During the trials, the ball end mill machines straight grooves on an aluminum and nylon workpiece. Two materials are used which have very different cutting force coefficient (CFC) values so that the resulting surface can be compared with equal cutting conditions, but different forces. Each test cut is run with a fixed feed, spindle speed, lead, tilt, and cut depth. A summary of the test conditions is shown in Table 4.2, and an image of the test block is shown in Fig. 4.24a.
Table 4.2

Summary of cutting conditions for SLE experiments

Test #

Feed/tooth (mm)

Spindle speed (RPM)

Lead (Degrees)

Tilt (Degrees)

Cut depth (mm)

1

0.15

13,050

15

15

0.5

2

0.1

13,050

15

15

0.5

3

0.15

20,800

15

15

0.5

4

0.1

20,800

15

15

0.5

5

0.15

13,050

15

−15

0.5

6

0.1

13,050

15

−15

0.5

7

0.15

20,800

15

−15

0.5

8

0.1

20,800

15

−15

0.5

9

0.15

13,050

15

15

1

10

0.1

13,050

15

15

1

11

0.15

20,800

15

15

1

12

0.1

20,800

15

15

1

13

0.15

13,050

15

−15

1

14

0.1

13,050

15

−15

1

Fig. 4.24

Alicona Infinite Focus G5 and an example groove surface measurement

After the tests, an Alicona Infinite Focus G5 is used to measure the shape of the machined grooves. This machine and an example of a surface produced during the measurement are shown in Fig. 4.24b, c. Surface data generated in these measurements are used to characterize the true form of the grooves. As they are all machined with a 6 mm radius ball end mill, the nominal surface generated should also have a circular form with a radius of 6 mm.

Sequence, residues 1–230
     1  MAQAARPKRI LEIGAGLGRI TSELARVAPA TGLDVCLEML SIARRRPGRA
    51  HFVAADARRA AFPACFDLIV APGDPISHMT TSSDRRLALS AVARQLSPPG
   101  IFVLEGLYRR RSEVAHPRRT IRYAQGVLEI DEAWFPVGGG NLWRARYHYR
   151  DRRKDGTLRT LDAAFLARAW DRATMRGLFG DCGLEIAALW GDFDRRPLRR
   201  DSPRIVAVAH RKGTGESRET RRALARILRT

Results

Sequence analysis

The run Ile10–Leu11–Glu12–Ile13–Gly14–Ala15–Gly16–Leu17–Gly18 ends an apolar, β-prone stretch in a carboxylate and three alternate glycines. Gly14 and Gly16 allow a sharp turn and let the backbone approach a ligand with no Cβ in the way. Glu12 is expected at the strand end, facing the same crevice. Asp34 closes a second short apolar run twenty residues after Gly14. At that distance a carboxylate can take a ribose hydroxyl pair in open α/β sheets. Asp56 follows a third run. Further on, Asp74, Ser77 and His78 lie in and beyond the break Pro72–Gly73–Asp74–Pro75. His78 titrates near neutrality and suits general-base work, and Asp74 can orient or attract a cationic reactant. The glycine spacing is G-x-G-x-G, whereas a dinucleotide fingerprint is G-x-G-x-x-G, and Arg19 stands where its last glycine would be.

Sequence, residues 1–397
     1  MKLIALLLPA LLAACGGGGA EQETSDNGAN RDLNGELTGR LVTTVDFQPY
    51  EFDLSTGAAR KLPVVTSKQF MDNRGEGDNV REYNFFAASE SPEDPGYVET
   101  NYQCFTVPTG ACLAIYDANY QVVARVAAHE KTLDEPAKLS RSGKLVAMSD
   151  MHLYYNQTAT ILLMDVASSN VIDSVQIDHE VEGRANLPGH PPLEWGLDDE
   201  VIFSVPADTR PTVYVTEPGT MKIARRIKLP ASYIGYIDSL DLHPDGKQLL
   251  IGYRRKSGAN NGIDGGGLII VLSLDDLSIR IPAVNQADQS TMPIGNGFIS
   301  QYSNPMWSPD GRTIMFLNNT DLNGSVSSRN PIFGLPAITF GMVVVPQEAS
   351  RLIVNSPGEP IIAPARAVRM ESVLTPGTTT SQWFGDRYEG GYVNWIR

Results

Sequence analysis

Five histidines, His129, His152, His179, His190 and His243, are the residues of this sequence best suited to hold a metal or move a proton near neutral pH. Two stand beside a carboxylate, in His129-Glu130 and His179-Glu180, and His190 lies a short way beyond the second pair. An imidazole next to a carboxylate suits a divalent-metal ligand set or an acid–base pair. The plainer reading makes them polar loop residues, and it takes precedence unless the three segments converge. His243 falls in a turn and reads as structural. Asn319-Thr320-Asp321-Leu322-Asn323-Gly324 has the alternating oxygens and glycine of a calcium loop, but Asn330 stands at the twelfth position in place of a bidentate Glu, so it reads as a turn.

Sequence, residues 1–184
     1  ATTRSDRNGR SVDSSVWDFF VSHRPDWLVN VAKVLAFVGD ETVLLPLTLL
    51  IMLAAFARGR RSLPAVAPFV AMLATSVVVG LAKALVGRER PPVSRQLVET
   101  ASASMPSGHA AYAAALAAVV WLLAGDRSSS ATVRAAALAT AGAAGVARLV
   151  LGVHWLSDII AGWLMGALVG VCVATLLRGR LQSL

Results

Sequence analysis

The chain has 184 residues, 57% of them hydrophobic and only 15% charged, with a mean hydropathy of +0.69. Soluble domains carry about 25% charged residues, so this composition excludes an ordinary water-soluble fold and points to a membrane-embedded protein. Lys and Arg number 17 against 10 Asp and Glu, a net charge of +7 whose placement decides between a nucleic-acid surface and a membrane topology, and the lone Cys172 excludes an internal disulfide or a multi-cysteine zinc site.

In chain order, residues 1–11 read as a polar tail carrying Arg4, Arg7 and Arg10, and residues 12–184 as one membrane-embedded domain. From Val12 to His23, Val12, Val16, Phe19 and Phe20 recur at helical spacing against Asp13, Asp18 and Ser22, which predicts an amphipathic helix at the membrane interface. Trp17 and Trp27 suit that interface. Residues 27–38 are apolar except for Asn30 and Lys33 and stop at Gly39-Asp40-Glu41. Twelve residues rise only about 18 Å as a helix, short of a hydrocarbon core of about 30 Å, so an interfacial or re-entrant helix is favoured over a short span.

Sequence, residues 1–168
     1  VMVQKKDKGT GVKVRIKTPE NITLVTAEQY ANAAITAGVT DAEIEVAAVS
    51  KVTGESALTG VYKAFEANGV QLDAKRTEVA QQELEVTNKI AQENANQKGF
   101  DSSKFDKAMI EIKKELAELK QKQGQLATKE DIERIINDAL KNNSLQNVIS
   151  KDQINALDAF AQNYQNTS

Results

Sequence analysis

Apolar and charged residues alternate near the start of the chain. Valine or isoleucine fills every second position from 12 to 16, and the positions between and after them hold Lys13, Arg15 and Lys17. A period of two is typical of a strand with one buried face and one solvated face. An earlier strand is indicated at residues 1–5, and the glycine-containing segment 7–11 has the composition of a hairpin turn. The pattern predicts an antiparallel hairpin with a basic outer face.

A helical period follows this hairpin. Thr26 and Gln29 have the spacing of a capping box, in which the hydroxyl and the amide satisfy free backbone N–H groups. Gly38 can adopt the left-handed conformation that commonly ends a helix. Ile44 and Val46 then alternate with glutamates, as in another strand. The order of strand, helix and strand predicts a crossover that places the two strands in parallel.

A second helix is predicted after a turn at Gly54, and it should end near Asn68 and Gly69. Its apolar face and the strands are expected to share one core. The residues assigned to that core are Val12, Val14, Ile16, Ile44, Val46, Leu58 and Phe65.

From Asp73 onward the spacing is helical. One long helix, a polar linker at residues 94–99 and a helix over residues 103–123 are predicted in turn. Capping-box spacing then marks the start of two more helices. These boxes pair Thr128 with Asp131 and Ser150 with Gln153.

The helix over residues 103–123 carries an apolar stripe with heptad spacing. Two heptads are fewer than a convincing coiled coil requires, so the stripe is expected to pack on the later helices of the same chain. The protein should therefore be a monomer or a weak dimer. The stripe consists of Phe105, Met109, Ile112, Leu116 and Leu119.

To measure the true form, virtual traces are taken on the surface data measured on the Alicona. This process is shown in Fig. 4.25, where two traces are collected, providing the true form of the groove at two locations. The trace data is then compared with a simulated surface produced by simulating the tool vibrations as it cuts.
Fig. 4.25

Process of extracting surface profile traces from Alicona measurements, which are then compared with simulated surface traces

The measured and simulated surfaces are analyzed using the same process to determine the SLE in each. First, a circle is fitted to the measured and simulated surfaces, each circle having a best fit center point and radius. In Fig. 4.26, the resulting best fit radii are shown for the simulated and measured surfaces for all 14 tests. Note that the fitting routine only considers points along machine groove, which represent only a small portion of the full 12 mm diameter circle, causing the best fit radii to be sensitive. Despite this, the resulting best fit radii closely follow the same trend for both the simulated and measured surfaces, although the measured surfaces appear to consistently have a larger radius, approximately 50 μm greater than the simulated surface. This difference may be due to errors in the actual tool geometry, such as run-out, errors in the measurement, part vibrations, or other machine errors which are out of scope of the current simulation model.